Compare and contrast the spread of Buddhism in Asia and the spread of Islam in Africa and Asia.

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pohnpei397's profile pic

pohnpei397 | College Teacher | (Level 3) Distinguished Educator

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The spread of Buddhism and the spread of Islam have in common the fact that both were spread to some degree by trade and to some degree by conquest.  The major difference between the two is that Buddhism relied much more on trade and Islam relied (particularly at first) on conquest.

The main initial spread of Islam was accomplished by conquest.  It was in this way that Islam spread out of Arabia, through the Middle East, and into North Africa.  After gaining its major bases through conquest, it spread via trade to other parts of Africa and to places like Indonesia.

By contrast, Buddhism was spread much more by trade.  The faith was spread to some extent by conquests like those of Asoka and the Mauryan Empire.  However, much more of the spread of Buddhism was due to people being exposed to the ideas of Buddhism through trade routes.

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jameadows's profile pic

jameadows | High School Teacher | (Level 3) Educator

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Buddhism spread from India by peaceful means. Buddhist monks traveled to other lands, but in spreading their religion, they allowed people to retain some of their older beliefs in a process called syncretism. Instead of being forced to convert, people turned to Buddhism to relieve some of their own suffering and to find meaning in their lives. The religion was spread into Asia in part by trade along the Silk Road. Slowly, populations along the trade route adopted elements of Buddhism that they applied to their lives.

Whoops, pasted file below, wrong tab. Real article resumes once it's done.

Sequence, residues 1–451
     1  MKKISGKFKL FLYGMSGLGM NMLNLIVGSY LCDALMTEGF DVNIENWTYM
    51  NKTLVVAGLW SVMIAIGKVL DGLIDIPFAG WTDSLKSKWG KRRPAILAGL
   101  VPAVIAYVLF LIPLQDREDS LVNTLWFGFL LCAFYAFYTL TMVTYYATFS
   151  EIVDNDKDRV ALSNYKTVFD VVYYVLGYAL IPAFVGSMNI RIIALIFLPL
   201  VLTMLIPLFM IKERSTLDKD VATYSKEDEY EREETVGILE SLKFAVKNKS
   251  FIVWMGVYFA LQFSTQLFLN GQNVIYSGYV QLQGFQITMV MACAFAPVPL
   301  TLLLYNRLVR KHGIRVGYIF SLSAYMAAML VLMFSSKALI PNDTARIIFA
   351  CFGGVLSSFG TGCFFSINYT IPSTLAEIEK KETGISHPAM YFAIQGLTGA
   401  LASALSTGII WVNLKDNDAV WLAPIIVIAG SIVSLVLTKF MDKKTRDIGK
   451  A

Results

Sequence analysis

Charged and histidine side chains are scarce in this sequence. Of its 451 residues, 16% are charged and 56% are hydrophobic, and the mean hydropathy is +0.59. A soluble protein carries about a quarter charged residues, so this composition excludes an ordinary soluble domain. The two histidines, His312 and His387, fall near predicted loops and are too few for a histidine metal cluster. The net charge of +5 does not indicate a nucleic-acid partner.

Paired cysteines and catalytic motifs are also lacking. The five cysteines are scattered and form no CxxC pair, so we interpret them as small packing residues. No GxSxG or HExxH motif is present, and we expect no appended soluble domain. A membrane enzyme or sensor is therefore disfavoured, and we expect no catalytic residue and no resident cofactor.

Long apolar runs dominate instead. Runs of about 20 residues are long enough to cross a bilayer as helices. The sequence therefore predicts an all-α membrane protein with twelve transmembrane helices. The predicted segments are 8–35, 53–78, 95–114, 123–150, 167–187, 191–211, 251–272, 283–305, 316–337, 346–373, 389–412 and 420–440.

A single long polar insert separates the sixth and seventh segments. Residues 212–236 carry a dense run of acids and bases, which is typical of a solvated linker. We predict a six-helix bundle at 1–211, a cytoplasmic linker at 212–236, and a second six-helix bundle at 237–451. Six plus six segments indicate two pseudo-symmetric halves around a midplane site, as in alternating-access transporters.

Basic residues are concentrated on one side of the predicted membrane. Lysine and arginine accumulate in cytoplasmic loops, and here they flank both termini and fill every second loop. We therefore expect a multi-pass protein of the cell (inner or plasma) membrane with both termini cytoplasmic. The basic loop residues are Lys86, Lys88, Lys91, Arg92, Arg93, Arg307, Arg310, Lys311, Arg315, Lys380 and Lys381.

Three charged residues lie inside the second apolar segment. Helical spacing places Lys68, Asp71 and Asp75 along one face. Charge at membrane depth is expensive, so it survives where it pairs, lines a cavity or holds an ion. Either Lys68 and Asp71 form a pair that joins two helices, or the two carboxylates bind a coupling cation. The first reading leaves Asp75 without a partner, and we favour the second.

Often, Buddhism was adopted and spread by monarchs. For example, King Ashoka, an Indian emperor during the Maurya Empire who ruled from approximately 268 to 232 BCE, converted to Buddhism after fighting a deadly war with the state of Kalinga. He converted to follow a path of non-violence, and he began to spread Buddhist ideas throughout Asia. Buddhism was also a means of building political ties between different parts of the empire. Later rulers such as the Mongol emperor Altan Khan in the 16th century established Buddhism as the state religion as a way to consolidate power in their empires, but he often resorted to non-Buddhist techniques in his attempt to unify his empire.

Unlike Buddhism, Islam spread in part through military conquest. After Mohammed's death in 632 CE, Muslim armies carried out attacks on the Byzantine and other surrounding empires. Muslims generally left the social organization of the people they conquered in place, and, like Buddhists, allowed the population to convert gradually to their religion. People converted in part to be free from paying a tax, and they, like converts to Buddhism, were allowed to practice in syncretistic way that combined elements of their new and old cultures and faiths. Conversion allowed formerly unorganized pastoral people in Africa, Asia, and other areas to be part of an organized empire. Like Buddhism, Islam began to be spread through trade into the Sahara, up the Nile River, and across the Red Sea. 

Like Buddhism, Islam was spread through the conversion of monarchs such as Mansa Musa, the ruler of the Mali Empire (1280-1337 CE). He made a pilgrimage to Mecca and sought to spread Islam through his empire by constructing mosques and madrasas, or schools. His schools became centers of learning in the Muslim world and helped spread the religion of Islam. 

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